Riverside Revival

A tour of the exquisite Lincliff estate

By Janice Carter Levitch

Photos by Kathryn Harrington

There is no shortage of beauty at the Georgian Revival estate in Glenview known as Lincliff. Built by William Richardson Belknap in the early 1910s, the house is listed on the National Register of Historic Places. It has been a labor of love for the past 18 years that began when the late writer Sue Grafton and her husband Steven F. Humphrey found Lincliff crumbling from neglect and begging to be saved. Humphrey has a passion for gardening and a talent for creating spectacular outdoor living spaces that are grand in scale yet humble in approach.  The symbiosis between nature and the architectural elements of Lincliff at times makes it feel like an open-air museum. A magnetic pull draws you into each area of the property.

The main outdoor terrace runs the full length of the rear of the estate and offers several areas for friends and family to gather. The woven wicker furniture provides comfortable seating for guests to take in the vista just beyond the balustrades that line the terrace edges. Humphrey is known to enjoy a cigar while spending time on the terrace during special occasions.

“I especially like sitting on the back patio during the air show at Thunder (Over Louisville),” he said. “Many of the larger jets come down the river, right past my house, and some make multiple passes overhead.  It’s very loud and very cool.” Cooking on the grill is an essential part of the experience under the covered alfresco dining space. Surrounded by nature and an expansive view of the gardens, enjoying a meal in this bucolic setting is serene and designed for lingering long into the afternoon or evening.

Adjacent to the outdoor terrace is the morning room, where Humphrey enjoys beginning his day. The walls are mostly glass and bring the outdoors inside with the tranquil views from the dining table that seem to never end. A seating area has been carefully placed for easy conversations or simply reading a favorite book. The colors of the fabrics reflect a neutral palette of soft grays and quiet tones of ecru with floral patterns that are soothing. Keeping the focus on the outdoors, the décor is peaceful and unobtrusive.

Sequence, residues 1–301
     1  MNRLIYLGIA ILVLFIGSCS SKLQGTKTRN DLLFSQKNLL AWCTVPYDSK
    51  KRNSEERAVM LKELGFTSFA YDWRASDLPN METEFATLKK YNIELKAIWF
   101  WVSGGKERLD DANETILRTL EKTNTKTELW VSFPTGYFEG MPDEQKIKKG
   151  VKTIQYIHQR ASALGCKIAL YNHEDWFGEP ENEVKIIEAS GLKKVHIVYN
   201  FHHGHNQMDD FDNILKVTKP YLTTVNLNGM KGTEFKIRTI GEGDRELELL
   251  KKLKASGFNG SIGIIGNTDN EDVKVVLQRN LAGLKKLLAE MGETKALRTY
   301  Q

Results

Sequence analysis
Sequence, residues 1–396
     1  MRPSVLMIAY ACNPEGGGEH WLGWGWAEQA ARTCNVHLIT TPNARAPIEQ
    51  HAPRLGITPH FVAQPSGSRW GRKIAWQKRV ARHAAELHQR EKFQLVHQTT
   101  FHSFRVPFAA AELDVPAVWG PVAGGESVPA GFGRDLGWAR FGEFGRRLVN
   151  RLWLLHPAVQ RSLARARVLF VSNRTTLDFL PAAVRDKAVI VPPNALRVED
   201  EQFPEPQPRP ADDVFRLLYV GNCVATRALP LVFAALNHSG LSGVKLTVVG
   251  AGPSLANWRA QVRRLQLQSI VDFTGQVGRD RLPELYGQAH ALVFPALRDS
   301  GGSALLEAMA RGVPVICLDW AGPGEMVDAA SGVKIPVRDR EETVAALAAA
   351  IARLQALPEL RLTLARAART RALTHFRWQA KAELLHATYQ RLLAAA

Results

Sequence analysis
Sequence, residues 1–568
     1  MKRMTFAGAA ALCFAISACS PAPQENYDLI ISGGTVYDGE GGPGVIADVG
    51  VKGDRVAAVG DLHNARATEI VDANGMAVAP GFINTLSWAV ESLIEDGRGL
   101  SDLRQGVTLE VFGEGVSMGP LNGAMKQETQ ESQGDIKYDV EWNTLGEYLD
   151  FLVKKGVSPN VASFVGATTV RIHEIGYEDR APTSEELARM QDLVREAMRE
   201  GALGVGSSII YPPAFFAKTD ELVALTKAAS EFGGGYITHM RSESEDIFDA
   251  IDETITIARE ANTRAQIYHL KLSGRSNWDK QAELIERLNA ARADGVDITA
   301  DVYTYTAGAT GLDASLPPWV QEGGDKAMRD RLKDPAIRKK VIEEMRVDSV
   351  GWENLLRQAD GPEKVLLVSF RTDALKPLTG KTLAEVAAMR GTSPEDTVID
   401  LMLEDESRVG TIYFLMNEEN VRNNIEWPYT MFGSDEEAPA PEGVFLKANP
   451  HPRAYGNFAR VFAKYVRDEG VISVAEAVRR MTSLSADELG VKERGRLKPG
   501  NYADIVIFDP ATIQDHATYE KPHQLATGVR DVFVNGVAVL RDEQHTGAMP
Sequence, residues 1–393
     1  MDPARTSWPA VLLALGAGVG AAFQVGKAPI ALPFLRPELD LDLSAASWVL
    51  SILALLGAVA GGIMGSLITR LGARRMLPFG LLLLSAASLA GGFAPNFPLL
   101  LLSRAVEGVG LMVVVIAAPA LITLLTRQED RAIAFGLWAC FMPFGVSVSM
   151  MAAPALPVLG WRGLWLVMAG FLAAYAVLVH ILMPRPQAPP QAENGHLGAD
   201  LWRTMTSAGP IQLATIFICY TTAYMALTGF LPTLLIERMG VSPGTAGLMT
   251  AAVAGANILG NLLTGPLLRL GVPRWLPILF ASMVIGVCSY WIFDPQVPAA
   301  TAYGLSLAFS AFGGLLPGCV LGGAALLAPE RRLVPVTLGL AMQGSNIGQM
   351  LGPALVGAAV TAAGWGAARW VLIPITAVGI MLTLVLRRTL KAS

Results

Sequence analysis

The main hall is more like a gallery and runs nearly the full length of the interior entryway. It’s lined with several sets of French doors, allowing an easy flow from the interior to the terrace overlooking the rear lawn and fruit orchard Humphrey has planted.  Olivia the cat seems to reign over the entryway with her feline prowess, letting everyone know who the real boss of the household is.

One of the rooms off the main hall is the billiard room where a 1905 Brunswick pool table can be found. The table is well lit by a hanging light found in New Orleans, Louisiana, during one of the homeowner’s many travels. Large windows allow plenty of natural light to cascade into the room and provide views of the front lawn.

A wood-paneled library includes an antique rolling ball clock that displays time by means of balls and rails. “When the clock is operating, everyone gathers around and watches it as if they are hypnotized by a beautiful newborn baby,” Humphrey commented.

At the far end of the main hall is the lattice room, appropriately named after its finishes and architectural details. The glass-enclosed boundaries between the outdoor and indoor spaces are blurred just enough so one can lazily lounge on the sofa, perhaps while working a crossword puzzle or taking an afternoon nap.

Magnificent gardens surround the property and have Humphrey’s near-daily devotion. He tends to each space as if they are separate rooms. He begins with the fountain area, trimmed with glorious ferns, that he refers to as the “fernery.” Then, he moves on to the boxwood garden punctuated with statues representing the four seasons.

The Parterre area showcases an in-ground sculpture of mathematical nature outlining theoretical physics. Humphrey has a Ph.D. in philosophy of physics, and this sculpture reflects that passion. A fragrance garden with lavender and yellow yarrow attract bees from nearby hives and help to pollinate the garden, which is also full of sweet bay magnolia.

An allée of trees creates the perfect corridor, stretching across the vast green lawn with a grand view of the Ohio River just beyond its end. The property is ideal for outdoor entertaining and there is plenty of shade in the garden dedicated to Humphrey’s late wife as a memorial to her life and request for shade while she watched him work outdoors. VT